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The Cost of the Troubles Study Limited



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Text: Marie Smyth ... Page design: Martin Melaugh
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The Cost of the Troubles Study Ltd

Who are we?

The Cost of the Troubles Study Ltd is a registered charity and a limited company. The Board of Directors is composed of a team of people from all parts of the religious/political spectrum who have all been directly affected by the violence of the troubles. The Board also contains two researchers, one full-time, - Marie Smyth, Research Fellow, INCORE (the United Nations University and the University of Ulster, Northern Ireland) who is the project director and one part-time, Mike Morrissey, Senior Lecturer in Social Policy, The University of Ulster and Director of The Urban Institute, Belfast. The project also employs two other members of staff, - Marie Therese Fay, the Research Officer and Sarah Oakes, the Project Administrator.

What are we doing?

Conducting action research which:

  • establishes a directory of self-help groups and other organisations which offer support to those affected by the troubles;
  • facilitates the building of a network throughout Northern Ireland among such groups and grass roots organisations;
  • documents the nature and extent of the effect of the troubles on the population of Northern Ireland;
  • establishes a credible measure of the distribution of the troubles in the six counties, and quantifies the relationship between the troubles and deprivation;
  • creates a range of well researched and accessible sources of qualitative and statistical information on the impact of the troubles on the range of people contained in the population.

This material will be written and disseminated in ways which maximise its accessibility, both to people in affected communities and to the general public. It will also be presented in a manner whereby it can be used by groups to argue for further resources for their self-help and other programmes.

How are we doing it?

  • by using a participative action research approach, which assumes that research is not a neutral activity, but that the research should make a positive contribution to those individuals and organisations participating in it;
  • by bringing research expertise to work in partnership with grass roots organisations, in a way that is democratically accountable;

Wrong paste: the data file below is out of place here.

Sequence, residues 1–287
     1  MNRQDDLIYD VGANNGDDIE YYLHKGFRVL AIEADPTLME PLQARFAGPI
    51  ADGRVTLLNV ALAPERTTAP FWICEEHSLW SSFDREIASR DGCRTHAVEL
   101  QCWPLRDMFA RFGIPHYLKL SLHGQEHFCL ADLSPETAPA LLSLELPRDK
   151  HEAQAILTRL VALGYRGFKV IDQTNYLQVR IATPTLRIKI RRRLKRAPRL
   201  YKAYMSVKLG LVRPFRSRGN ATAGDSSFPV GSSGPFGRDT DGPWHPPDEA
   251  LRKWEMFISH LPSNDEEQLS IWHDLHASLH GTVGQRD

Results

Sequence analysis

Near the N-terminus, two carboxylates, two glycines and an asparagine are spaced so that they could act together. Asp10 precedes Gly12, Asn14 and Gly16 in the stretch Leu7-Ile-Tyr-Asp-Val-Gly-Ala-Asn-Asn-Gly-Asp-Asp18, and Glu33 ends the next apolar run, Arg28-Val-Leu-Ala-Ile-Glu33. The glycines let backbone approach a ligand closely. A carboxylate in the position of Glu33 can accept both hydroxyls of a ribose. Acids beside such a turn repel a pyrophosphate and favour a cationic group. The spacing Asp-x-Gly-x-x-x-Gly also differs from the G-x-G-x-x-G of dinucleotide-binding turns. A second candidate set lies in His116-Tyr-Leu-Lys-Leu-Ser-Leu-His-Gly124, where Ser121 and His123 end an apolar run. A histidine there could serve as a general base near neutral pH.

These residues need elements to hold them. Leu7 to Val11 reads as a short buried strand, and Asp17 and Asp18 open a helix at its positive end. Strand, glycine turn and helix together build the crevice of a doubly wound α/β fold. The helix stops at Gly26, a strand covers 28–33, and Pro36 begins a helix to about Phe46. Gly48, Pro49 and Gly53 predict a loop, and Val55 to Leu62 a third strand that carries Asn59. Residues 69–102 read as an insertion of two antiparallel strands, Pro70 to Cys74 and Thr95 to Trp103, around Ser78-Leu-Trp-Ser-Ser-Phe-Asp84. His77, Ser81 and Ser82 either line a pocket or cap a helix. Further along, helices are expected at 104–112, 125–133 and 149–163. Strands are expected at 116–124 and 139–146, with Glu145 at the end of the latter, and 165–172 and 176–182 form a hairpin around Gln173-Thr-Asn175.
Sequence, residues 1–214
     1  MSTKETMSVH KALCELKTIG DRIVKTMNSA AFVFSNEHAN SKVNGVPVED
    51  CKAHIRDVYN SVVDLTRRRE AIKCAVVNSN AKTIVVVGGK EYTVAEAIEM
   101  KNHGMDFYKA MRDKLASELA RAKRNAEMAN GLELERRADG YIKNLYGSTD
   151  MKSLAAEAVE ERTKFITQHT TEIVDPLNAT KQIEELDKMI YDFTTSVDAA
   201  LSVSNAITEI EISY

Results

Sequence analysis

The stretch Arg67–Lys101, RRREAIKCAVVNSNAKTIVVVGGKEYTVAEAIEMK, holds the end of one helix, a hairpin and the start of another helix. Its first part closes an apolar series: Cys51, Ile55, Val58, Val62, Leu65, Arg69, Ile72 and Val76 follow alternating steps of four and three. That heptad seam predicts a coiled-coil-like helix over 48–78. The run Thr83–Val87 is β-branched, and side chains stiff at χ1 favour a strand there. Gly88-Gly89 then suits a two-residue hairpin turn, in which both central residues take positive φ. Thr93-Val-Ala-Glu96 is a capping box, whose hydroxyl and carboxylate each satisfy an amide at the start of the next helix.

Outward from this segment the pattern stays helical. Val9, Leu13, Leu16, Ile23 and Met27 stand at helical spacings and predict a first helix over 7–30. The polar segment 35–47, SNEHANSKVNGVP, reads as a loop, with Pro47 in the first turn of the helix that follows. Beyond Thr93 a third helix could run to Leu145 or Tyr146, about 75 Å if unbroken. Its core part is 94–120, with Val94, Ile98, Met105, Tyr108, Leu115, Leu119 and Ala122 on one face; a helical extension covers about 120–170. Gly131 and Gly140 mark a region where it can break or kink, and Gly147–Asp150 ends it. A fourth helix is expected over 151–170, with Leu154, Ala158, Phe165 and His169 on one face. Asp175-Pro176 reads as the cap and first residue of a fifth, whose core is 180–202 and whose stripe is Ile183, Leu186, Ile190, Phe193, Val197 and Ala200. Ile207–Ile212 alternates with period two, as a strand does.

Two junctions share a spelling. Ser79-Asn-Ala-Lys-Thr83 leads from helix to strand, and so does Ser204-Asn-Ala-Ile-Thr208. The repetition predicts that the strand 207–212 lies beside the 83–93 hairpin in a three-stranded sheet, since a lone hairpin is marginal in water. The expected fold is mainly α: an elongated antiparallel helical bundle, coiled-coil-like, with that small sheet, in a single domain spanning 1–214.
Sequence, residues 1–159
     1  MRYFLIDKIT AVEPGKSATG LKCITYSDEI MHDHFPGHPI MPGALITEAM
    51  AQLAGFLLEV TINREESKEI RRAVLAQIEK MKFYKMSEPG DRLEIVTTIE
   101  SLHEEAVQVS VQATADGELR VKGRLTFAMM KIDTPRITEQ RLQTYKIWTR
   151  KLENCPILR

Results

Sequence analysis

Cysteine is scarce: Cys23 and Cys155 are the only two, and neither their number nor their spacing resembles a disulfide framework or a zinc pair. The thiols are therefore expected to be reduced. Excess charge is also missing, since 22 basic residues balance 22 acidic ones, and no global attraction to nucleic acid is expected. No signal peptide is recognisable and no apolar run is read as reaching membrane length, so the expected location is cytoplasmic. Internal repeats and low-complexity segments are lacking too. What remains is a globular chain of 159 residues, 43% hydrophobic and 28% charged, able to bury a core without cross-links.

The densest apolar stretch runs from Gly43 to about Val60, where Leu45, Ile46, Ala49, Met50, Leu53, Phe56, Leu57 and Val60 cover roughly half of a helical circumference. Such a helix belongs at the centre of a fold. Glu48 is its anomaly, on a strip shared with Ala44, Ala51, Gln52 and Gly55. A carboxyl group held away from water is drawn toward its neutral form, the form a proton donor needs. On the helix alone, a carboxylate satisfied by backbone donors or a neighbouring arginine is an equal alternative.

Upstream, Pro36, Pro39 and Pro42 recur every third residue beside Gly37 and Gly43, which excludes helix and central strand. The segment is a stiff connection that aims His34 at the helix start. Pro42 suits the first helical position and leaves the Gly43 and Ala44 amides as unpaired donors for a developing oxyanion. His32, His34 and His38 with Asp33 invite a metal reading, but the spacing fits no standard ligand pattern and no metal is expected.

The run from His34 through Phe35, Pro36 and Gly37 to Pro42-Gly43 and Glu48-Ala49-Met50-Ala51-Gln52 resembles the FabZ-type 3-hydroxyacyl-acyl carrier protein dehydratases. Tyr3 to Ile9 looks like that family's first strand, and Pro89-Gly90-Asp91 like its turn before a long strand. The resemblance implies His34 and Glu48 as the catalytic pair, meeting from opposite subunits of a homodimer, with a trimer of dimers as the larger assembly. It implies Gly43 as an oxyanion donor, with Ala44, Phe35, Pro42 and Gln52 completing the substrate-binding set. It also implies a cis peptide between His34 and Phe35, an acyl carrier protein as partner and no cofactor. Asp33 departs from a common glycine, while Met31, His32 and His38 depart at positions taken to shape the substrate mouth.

• by establishing and maintaining working relationships with individuals and groups who have direct experience in the field, and by using their expertise in the work of the project;
  • by using credible and professional qualitative and quantitative research techniques, and producing work which is both accessible to local people and capable of withstanding
  • academic scrutiny.

One of the most devastating effects of the troubles on people affected by the violence is the sense of disempowerment that many feel. We have planned research as a team composed of those who have been physically and emotionally affected by the troubles and researchers working in partnership. Collaboration across the sectarian divide is also a significant part of the work of the project. The directors and researchers are drawn from both sides of the sectarian divide and this is explicitly designed to ensure inclusiveness and to inform methods of work and the analysis.

Why are we doing it?

Research on the effects of the troubles has largely been psychiatric or psychological in focus, and has focused on specific populations, such as the Enniskillen bomb victims, There has been only one study which looks at the long term affects (20+ years) of violent loss in the troubles. Little or nothing is known about the extent of the impact of the troubles on the population as a whole. Those who do not seek services, - but nonetheless have suffered effects, - are undocumented. This lack of epidemiological information means that policy and service provision has been piecemeal or non-existent, partly because of piecemeal information, Recently, there has been an increase in the political will to address these issues and we are taking advantage of that climate to propose further work.

What is the value of it?

- to Northern Ireland as a whole

The study will provide reliable, non-sensationalist and ethically collected data on individual experiences of the troubles. This can act as an alternative source to some existing sources which do not share these characteristics, and will provide data for the first time on groups and individuals whose experiences have been under-represented. The establishment of the prevalence of troubles-related difficulties in the total population will be of value to policy-makers, and DHSS staff have described the availability of such data as very valuable. The study will also explore the relationship between troubles-related difficulties and deprivation, and this part of the study will have implications for a broad range of policy areas, including all of those agencies currently who are involved in using frameworks to target social need.